In the third installment of the 4-part blog series on profitability I recently did for Teikametrics.com, I talk about the 5 key levers to driving profits for your business. Read on to learn about the first two identifiers. If you missed the first two blogs, check them out here!
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5 Key Levers to Drive Profits—Identifying 1 and 2
In the first article in this series, we covered how cash flows through your business, and when it is used efficiently and productively, it will allow you to increase profits and cash. The second article discussed the primary reasons that focusing on a goal of increasing profits was beneficial. With this article, I will introduce five levers you can use to drive up profit and cover the two levers that are found on your Profit and Loss Statement.
The five levers are:
- Receivable Days
- Inventory Days
- Payable Days
Lever 1: Revenue
Sales, or Revenue is the one number all my clients find fascinating. I expect you do, too. It is an important number! If we didn’t have the top line sales, then the rest of the Profit and Loss Statement wouldn’t really matter. At the end of the day, however, it’s how much of that revenue you keep that will pay your bills and keep the lights on in your warehouse. Here are a list of questions that will help you ensure you’re focusing on the right areas within the sales framework—
- Are your products and listings attracting prospects?
- Are you converting them?
- Are you adequately serving your clients to minimize product returns?
- Do you pay attention to frequency of purchases, repeat purchase, pricing, size of transactions, and opportunities to cross-sell and up sell?
These are all factors that impact your revenue.
If you find you are having issues in the sales area, I suggest that you find a group or a coach that can help with this analysis. As an accountant, it’s not my area of expertise, but I do know how critically important it is to get it right.
Lever 2: Expenses
Expenses are where you can get into trouble. There are two main trouble spots that I see over and over. First, you must manage your Cost of Goods Sold expenses. As I covered in detail in the last article, you must generate at least a 30% gross margin or you will not generate enough cash to grow your business. Have you investigated and compared suppliers, negotiated for the best price and terms? Have you managed your inventory levels to avoid stock outs that become costly either in lost sales and ranking and possibly expedited shipping, or excess slow moving stock that ties up your cash and may generate storage fees? Concentrate on the gross profit margin and get those expenses in line.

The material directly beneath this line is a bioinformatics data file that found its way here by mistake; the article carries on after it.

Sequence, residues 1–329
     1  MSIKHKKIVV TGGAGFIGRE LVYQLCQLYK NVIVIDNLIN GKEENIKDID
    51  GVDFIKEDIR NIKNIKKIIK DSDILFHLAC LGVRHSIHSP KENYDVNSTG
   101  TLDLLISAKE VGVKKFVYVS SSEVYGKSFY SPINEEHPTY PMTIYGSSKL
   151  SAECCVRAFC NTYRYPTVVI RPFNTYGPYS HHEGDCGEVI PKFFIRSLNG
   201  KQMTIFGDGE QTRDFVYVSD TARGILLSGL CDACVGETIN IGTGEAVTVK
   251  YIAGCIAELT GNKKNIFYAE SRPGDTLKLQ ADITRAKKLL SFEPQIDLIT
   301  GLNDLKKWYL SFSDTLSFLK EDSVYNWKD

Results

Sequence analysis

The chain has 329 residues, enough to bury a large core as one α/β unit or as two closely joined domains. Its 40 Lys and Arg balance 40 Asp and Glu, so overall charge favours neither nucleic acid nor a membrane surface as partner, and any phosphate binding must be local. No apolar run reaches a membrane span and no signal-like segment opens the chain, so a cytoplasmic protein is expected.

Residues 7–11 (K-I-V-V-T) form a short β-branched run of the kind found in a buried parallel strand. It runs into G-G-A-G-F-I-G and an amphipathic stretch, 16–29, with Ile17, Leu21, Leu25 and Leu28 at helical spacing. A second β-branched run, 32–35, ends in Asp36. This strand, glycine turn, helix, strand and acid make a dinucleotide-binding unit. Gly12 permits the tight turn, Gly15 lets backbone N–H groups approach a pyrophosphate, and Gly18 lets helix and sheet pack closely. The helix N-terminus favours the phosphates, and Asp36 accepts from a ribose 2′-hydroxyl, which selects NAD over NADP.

Once you are generating decent margins, then make sure you are optimizing your advertising. It is easy to use up all your margin on ad spend or agency fees for managing ads. Make sure that when you spend 1,000 dollars a month on ads, your revenue is exceeding that number. Don’t rely on reports from your agency. If your ads cost you $1,000 and your increase in revenue is $500, you are not getting a positive return on your ad spend. I don’t care what metric looks great on their report. There are many levers to pull in the advertising spend arena.
Start by providing your team clear goals. You need to be the one driving the advertising, not them. Monitor your inventory levels and adjust ad spend down when your stock gets low. If a product is being merchant fulfilled, you may need to stop ads all together because shipping may eat up your margin. Be sure to inform your agency when things are looking good, too. If they make adjustments every week, and you’ve hit a sweet spot, let them know to hold off on changes while you ride the wave. Ads are not set it and forget it. Actively manage them or they will eat your profits.
Operating or overhead costs also require your active management. Be ruthless as you examine these expenses every quarter. Ask yourself, “Do I really need all those software subscriptions? Or the latest online course? Or that office space?” Oftentimes, we spend money on “ego” purchases. We don’t really need the item, but it makes us feel good, possibly because it connotes a certain status. When you spend money on operating expenses, you are directly reducing the cash you can use to pay yourself or use to grow the business. Look for innovative ways to do things, be efficient and frugal. Also be aware that interest will directly reduce the money you have available for your bottom line. Often product margins are so slim they don’t allow for high interest loans and you must look for ways to eradicate high interest debt.
These first two levers are powerful so take your time to ensure they are optimized in your business. Once they are humming and driving those profits, you are ready to tackle the last three levers. These levers are: Receivable Days, Inventory days, and Payable Days. These metrics are found on your balance sheet. We’ll dive into those in the next article.
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